Imagine that you discovered the following facts about a stranger.

First, for roughly two decades, he not only attended a church, but donated thousands and thousands of dollars to it. 

Second, this stranger’s church is presided over by a pastor who the stranger regards as his “spiritual mentor,” the person who he credits with leading him to salvation.  It is this pastor who married him to his wife and baptized his children.

Third, this pastor is an unapologetic, unabashed supporter of a racially themed theology.  From this perspective, unless God is a being who aids whites in their campaign to subvert all things black, he is nothing but the worst of ideological fictions by which blacks have sought to manipulate whites into conceding to their own dispossession.  On at least one occasion, during a particularly fiery sermon, he boiled this theology down into one succinct exclamatory line: “God DAMN ‘Black America!” 

Fourth, the stranger’s beloved pastor once granted a “lifetime achievement award” to a man who has repeatedly derided Christianity as “the Black Man’s religion” and a “slave morality.”  This same person believes, or at least claims to believe, that the black race is the creation of an evil white scientist. He further believes that all blacks are “devils.” 

Fifth, the stranger has authored a memoir that he himself characterizes as “a story of race.”  Even though he is biracial—half black and half white—and even though he was raised by his black family after his white father abandoned him at the age of two, the stranger identifies himself as white only.  In it, the stranger relays the hardships that blacks inflicted upon him throughout his life.  The stranger is biracial, but he admits that by the time he was 13 or so, from the fear of appearing that he was trying to “ingratiate” himself to blacks, he quit referring to his Negroid ancestry. 

The stranger’s memoir is chockfull of one indignity after the other that he claims to have suffered at the hands of blacks—including those blacks in his immediate family, like his grandparents, who sacrificed all to make for him a life that was as materially comfortable as it was emotionally supportive.  For instance, once, upon being harassed by an unusually aggressive white panhandler while waiting for the bus that she would regularly ride to work, the stranger’s grandmother indicated a fearfulness that she had never exhibited prior to this episode.  This fear, the stranger wasted no time in concluding, stemmed not from any danger posed by this specific panhandler.  The fear, he remains convinced, stemmed from his black grandmother’s bigotry toward whites.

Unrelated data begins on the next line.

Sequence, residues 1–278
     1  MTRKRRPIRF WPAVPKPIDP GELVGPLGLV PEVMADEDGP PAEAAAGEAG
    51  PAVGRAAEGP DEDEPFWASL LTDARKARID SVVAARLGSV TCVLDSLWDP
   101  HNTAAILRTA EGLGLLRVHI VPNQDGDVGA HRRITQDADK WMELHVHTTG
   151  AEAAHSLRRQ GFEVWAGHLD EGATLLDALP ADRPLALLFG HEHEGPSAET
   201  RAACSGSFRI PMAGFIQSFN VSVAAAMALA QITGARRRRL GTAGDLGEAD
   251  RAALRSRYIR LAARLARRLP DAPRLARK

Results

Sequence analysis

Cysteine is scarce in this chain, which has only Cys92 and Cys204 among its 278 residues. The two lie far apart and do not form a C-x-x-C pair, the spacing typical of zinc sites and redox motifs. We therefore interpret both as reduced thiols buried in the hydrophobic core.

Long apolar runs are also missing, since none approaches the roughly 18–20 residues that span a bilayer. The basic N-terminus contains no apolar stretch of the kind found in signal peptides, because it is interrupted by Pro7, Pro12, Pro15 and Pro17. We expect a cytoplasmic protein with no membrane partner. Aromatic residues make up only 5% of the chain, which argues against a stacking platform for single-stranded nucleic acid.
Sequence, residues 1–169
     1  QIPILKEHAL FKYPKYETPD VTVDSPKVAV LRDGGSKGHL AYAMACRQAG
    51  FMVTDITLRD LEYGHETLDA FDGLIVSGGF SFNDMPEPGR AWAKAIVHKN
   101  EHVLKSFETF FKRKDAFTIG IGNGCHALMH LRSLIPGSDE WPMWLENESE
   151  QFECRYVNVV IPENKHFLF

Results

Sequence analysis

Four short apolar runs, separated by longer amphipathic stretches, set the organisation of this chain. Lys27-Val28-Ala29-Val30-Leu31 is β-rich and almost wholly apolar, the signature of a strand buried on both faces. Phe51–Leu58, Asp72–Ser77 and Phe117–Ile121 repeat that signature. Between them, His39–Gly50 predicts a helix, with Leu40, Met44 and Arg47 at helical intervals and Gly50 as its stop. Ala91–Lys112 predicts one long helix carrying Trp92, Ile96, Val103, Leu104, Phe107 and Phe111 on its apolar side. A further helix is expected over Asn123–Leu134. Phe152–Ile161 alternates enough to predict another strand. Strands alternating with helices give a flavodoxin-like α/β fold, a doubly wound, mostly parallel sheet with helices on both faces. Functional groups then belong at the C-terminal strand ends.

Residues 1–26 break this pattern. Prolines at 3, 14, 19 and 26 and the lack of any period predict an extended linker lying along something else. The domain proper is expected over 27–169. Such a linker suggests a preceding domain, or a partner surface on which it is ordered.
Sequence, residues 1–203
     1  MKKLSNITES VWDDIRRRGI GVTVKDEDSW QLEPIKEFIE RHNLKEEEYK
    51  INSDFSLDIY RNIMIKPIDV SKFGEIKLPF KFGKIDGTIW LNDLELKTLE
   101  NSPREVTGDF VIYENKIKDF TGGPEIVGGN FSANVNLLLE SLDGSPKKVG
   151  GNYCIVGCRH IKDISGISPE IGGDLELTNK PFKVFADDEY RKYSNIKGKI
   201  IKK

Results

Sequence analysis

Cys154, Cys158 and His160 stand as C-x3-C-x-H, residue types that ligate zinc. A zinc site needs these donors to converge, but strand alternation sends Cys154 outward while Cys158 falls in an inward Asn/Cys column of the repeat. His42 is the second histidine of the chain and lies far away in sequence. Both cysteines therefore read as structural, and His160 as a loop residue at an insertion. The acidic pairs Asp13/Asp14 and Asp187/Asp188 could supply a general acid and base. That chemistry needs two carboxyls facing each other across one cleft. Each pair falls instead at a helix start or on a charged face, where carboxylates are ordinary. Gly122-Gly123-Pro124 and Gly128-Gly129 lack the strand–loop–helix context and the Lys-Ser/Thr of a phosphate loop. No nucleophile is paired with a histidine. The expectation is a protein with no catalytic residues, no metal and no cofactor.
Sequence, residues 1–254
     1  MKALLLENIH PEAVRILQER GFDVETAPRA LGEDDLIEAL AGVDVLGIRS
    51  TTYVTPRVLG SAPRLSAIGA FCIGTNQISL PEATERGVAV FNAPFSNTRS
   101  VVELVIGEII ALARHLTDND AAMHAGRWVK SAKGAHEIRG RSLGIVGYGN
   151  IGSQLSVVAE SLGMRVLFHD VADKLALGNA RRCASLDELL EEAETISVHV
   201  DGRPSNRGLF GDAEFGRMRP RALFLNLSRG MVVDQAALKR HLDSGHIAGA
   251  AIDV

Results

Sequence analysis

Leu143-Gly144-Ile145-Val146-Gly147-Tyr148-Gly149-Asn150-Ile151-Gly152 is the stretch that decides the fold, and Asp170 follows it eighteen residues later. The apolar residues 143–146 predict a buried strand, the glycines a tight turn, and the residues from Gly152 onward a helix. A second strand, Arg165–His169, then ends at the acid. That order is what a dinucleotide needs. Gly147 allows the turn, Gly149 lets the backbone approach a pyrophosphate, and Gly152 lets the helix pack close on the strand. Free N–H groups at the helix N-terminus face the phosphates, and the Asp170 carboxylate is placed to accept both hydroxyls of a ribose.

Yet it isn’t just his irrational, racist old grandmother who hurt him so.  His black high school friends dished out their share of pain as well.  After he took his friends to an overwhelmingly white party, the stranger’s one black friend made an expression of empathy with him.  The young black man explained to the stranger that he now has a better appreciation for the self-consciousness that the stranger experiences being a minority amongst a mostly black population.  This, the stranger says, induced in him a nearly irresistible urge to punch his black friend in the face. 

The stranger’s memoir is replete with other stories of black insensitivity and white suffering. 

Sixth, the stranger does not refuse to associate with all blacks. There are some blacks for whom he feels considerable affection.  But they are blacks who share his conviction that Black America is a bastion of racial oppression that needs to be “fundamentally transformed.”  A couple of these blacks are terrorists who have actually bombed black institutions.  Years later, they openly lamented not having detonated more black institutions.

Seventh, the stranger is friends with several high profile white academics who have routinely, tirelessly, written and spoken of the systemic and systematic abuses to which whites have been subjected by blacks.  In fact, he isn’t only friends with them; they were his own mentors during his time in college.  One of them has even gone so far as to say that he lives “to harass black people.” 

Now, suppose you know all of this about this stranger.  The stranger becomes the President of theUnited States.  If, per impossible, Rip Van Winkle-like, you were to fall into a long, deep sleep, upon awakening years later, what do you think you would discover about the manner in which President Stranger governed?  Consider the following scenarios.

In the first scenario, President Stranger does his best to encourage the elimination of all policies that dispense upon whites preferential treatment so as to insure a race-neutral legal system that treated all citizens impartially.

In the second scenario, President Stranger not only furthers the system in place, but expands it.  He promotes policies that disadvantage blacks at the cost of privileging whites; refers to blacks as “our enemies” while addressing white crowds; and appoints a white man to preside over his Department of Justice who orders his attorneys to prosecute only those potential civil rights violators who are black

Given what you know of the stranger, there is no doubt that it is the second scenario that will resonate most with you.  The first will have no resonance at all. 

The reason for this is obvious: it is by now clear to you that, at a bare minimum, the stranger is a white person who has no small measure of animosity toward blacks.

But if any fool can deduce this about this hypothetical stranger, why is it that when we switch the races around, we refuse to recognize that it is our own President who has—again, at a bare minimum—an animus toward whiteAmerica?

Think about it.

Jack Kerwick, Ph.D.

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